The general context of the conference: Approaching the Indian Ocean and border countries. Studies can cover an area from South Africa to Australia, from India to the TAAF, from the east coast of Africa to the Indian Ocean. "The Indian Ocean is now considered a geopolitical area of primary importance "(Grare, 2012). This event will focus on the history of the present time as well as the immediate history of the Indian Ocean in the 21st century. Bearing in mind that "the present often comes from the past", it would be worthwhile to examine the oscillations or ruptures that have taken place prior to the present of the immediate history of the Indian Ocean. It is true that "over the centuries, the Indian Ocean has become a unified and hierarchical space by virtue of its exchanges" (Beaujard, 2009). Submissions can also have a prospective approach and study emerging trends or emerging scenarii. They can relate to knowledge, beliefs or discourses on the present of the Indian Ocean. They may include studies of nations, islands or regional organizations.
The term transition interrogates the (gradual or brutal) changes of, as well as, - in the Indian Ocean. It engages with movements, passages, and progressive transformations to come. The analysis of transitions enables the study of the environmental, economic, political, historical, and geographical contexts as well as the processes that make and characterize the variations in formation. The term mutation questions the modifications, the transformations and the periods, the contexts, and the conditions in which they take place.
These profound changes, often radical and rapid, draw new lines and impose new constraints.
During this conference, Transitions and Mutations will be analyzed through the three main OSOI axes in the study of Indian Ocean societies: • Territories and mobility (demography, migration, borders, transport, trade ...) • Risks and development (economy, climate, ecology, education, health, digital technology ...) • Power and networks (geopolitics, conflicts, law, institutions, religions, nations ...) The conference intends to question "Movements" and "Risks" that transform the Indian Ocean (maritime areas, land spaces). It aims to understand the transitions and mutations inherent in the positioning of the Indian Ocean at the beginning of this century as an area of exchanges, of communications, of circulation with Africa (Atlantic, Mediterranean) and with Asia (the Pacific).
Proposals for papers on transitions and mutations are open to all fields of the humanities and social sciences. We also welcome all approaches from other scientific disciplines. Proposals can be made at different scales and approaches (local, national, regional, global, etc.) as well as from a comparative angle. A Session for doctoral students This conference will include a session specifically designed for PhD students working on the Indian Ocean. They should send their proposals to the website by mentioning their wish to participate in the "Doctoral Session".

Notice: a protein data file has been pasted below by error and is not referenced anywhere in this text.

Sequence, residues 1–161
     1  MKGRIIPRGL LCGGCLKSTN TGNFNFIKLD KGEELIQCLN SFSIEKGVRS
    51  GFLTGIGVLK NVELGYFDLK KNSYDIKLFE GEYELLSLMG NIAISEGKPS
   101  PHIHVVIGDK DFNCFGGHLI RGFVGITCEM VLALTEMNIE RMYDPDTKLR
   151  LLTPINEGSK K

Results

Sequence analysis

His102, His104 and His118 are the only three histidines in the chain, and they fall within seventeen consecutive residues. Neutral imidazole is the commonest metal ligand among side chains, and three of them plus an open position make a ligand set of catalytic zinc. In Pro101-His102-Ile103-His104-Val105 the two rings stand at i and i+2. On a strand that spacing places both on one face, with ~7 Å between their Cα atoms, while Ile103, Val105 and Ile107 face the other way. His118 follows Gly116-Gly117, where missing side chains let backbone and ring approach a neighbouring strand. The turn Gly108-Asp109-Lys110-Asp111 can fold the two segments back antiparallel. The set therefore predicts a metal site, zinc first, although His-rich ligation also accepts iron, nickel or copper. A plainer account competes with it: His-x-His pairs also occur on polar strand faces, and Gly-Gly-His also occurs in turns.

Proposals for papers should be sent to the website: https://transitions-oi.sciencesconf.org
Participation is free of charge.
The deadline is set for March 15, 2019.
The proposal must be set according to the following format: 1. The first page (1500 to 2000 characters including spaces) bearing the Last name, First Name/ CV / Bio / bibliography 2. The second page (2000 to 2500 characters including spaces) bearing the submission (in Word format) with the title and the text of the presentation of 2000 to 2500 signs (spaces included)
Charles Wallace Trust Nottingham Fellowship for Pakistan, 2019/2020
Deadline: 01 March 2019
The Charles Wallace Pakistan Trust Visiting Fellowship at the University of Nottingham is now accepting applications for the 2019/20 academic year. The deadline for application submission is Friday 1 March 2019.
The Charles Wallace Pakistan Trust will sponsor a mid-career academic or practitioner from Pakistan on an attachment to the University of Nottingham Asia Research Institute, for a period of up to three months, commencing in September, 2019. A 'practitioner' includes professionals from the public and private sectors, including journalists, economists, public servants and business managers, as well as university faculty members at post-doctoral level.
The beneficiary of this award will undertake a programme of research and interaction at Nottingham, assisted where necessary by the staff of the Institute. The research topic can be chosen from a wide range of disciplines determining the current and future well-being of Pakistan.
The Institute would particularly welcome applications from people working on the implications of the China-Pakistan Economic Corridor (CPEC) for Pakistan's domestic politics, issues relating to Modern Slavery e.g. by examining responsible sourcing practices in UK-Pakistan supply chains or the reorganisation of the federation of Pakistan, for example, the integration of FATA into Khyber Pakhtunkhwa. However, applicants working on other areas are also encouraged to apply.
The Fellowship will provide a return economy airfare from Pakistan and a monthly stipend of £1,450 to cover costs in Nottingham. No bench fee is required. Applicants must be Pakistani nationals living in Pakistan at the time of the application.
The deadline for the 2018/19 round is Friday 1 March 2019. The application form (Word) and a two page CV should be emailed to firstname.lastname@example.org by 5pm GMT. References will be solicited, and Skype interviews of short-listed candidates are likely to be required. Queries about this position can be directed to Professor Katharine Adeney, Director of the University of Nottingham Asia Research Institute.
On 11th July, 2013, we launched our BASAS Campaign. We announced our intention to establish an endowment fund, and we pledged to use our expertise to ensure BASAS continues to support workshops, language training grants, and other initiatives to sustain the study and research of the countries and people of South Asia.
With an ever increasing membership we are aware that it is not always possible for everyone to join us, we are therefore adding to the association’s website, on an ongoing basis, audio podcasts from our Annul Lectures, and Annual Conferences.